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City officials estimate there are 700 to 800 lots in New Richmond that are all set for development. The new Land Rush program is designed to fill a few of them up.

'New Richmond Land Rush' is on

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Like the land rush that helped build up the American wild west, New Richmond is poised to open up the flood gates of development over the next few years.

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Dubbed the "New Richmond Land Rush," the city has decided to suspend collection of its impact fees and sewer access charges to help spur development in the community.

Due to the nation's down economy and high gas prices, New Richmond's residential and commercial growth has been slow over the past two or three years. Prior to the downturn, the city had enjoyed double-digit growth in some years.

City Council member Jim Zajkowski said he's not sure what the fee waiver will do for development, but he said he knows it can't hurt. There have been no permits issued so far this year for new homes.

"We want to be different from everyone else," Zajkowski told a group of home builders, landowners and real estate agents at a finance committee meeting Tuesday morning. "We're trying to be the first ones on the block to do this. Others may try to follow us ... but we want to make the big splash right away."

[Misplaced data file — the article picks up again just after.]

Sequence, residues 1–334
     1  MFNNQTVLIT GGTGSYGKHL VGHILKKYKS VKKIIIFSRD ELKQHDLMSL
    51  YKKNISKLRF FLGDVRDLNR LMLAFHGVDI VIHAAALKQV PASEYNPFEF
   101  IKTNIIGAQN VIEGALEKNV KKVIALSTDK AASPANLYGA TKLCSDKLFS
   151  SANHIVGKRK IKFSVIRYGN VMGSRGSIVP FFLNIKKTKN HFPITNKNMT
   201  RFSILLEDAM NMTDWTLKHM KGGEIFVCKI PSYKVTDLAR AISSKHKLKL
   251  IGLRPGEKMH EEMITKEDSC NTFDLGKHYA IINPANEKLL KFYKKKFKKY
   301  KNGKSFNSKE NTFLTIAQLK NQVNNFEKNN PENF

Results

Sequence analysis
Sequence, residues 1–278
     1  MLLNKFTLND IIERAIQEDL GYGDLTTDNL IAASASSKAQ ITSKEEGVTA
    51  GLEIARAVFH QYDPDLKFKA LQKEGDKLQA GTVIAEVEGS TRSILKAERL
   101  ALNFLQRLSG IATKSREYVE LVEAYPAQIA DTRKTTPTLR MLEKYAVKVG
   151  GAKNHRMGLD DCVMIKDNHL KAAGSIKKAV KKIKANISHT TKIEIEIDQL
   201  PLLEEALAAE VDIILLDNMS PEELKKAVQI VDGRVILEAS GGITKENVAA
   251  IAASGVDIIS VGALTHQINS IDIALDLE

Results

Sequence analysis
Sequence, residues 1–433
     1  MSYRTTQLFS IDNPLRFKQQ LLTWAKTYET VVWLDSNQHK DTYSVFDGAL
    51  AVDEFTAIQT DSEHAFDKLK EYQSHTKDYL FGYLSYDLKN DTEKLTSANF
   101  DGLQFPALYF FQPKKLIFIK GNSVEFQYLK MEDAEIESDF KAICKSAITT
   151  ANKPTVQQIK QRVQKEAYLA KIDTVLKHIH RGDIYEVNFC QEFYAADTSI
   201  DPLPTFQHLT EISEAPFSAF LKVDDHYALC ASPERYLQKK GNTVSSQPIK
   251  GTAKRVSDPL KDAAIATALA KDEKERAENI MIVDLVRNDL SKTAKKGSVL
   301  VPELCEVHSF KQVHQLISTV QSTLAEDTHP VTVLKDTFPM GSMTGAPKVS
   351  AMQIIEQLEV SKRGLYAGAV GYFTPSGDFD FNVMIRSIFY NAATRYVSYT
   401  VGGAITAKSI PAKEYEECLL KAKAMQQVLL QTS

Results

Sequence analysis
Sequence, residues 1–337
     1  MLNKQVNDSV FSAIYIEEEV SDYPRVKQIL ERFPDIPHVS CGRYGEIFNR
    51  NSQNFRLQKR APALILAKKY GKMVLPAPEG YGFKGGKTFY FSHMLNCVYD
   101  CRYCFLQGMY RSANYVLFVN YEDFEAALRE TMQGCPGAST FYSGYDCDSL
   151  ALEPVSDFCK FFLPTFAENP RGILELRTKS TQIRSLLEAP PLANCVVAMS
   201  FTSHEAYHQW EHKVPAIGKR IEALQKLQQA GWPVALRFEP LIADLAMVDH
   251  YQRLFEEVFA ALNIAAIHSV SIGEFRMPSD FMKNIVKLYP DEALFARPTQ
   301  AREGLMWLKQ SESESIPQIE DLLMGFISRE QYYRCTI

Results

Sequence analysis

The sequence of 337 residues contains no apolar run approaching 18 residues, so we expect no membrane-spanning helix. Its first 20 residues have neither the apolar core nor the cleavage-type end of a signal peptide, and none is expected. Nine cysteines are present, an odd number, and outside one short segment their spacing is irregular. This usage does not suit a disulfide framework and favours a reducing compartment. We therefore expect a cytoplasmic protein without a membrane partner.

On a typical residential home, the fees on new construction averages about $8,500, according to Planning and Community Development Director Robert Barbian.

The savings for a commercial building could be significantly higher. As an example, the sewer access charge for a new restaurant building can be thousands of dollars, and that fee would be waived if the business finishes construction in the next three years.

"This is going to spur development in New Richmond," Zajkowski said confidently. "We're trying to do something, instead of sitting on our hands."

The hope is that builders will also drop the price of their lots to further promote development. In the case of some home builders, several lots will be made available for less than $10,000 each.

"We all need to work together," said Alderman Kirk Van Blaircom. "Everybody realizes we have to be competitive."

Zajkowski said city officials have often heard the complaint that New Richmond's impact fees and sewer access charges are too high. That obviously won't be an obstacle for the next few years, he explained.

"We're trying to create a little bit of excitement," Barbain said. "We don't want to sit back and not have anything happen."

The proposal waives the typical city fees if land for a home or commercial/industrial building is purchased by Dec. 31, 2012.

Construction on any structure would then need to be completed by Aug. 31, 2014 in order to qualify for the "Land Rush" incentive program. If a building is finished after that deadline, the impact fees and sewer access charges will be applied.

Barbian said the community plans to promote the "Land Rush" within a 30 to 40 mile radius of New Richmond. Officials hope to create a buzz that eventually leads to more homes and more jobs.

Part of the promotional effort will be a special page on New Richmond's website indicating what builders are involved in the special offer.

There are currently 700 to 800 residential lots ready for homes within the city, Zajkowski said. A number of commercial and industrial lots are also available for bigger projects as well.

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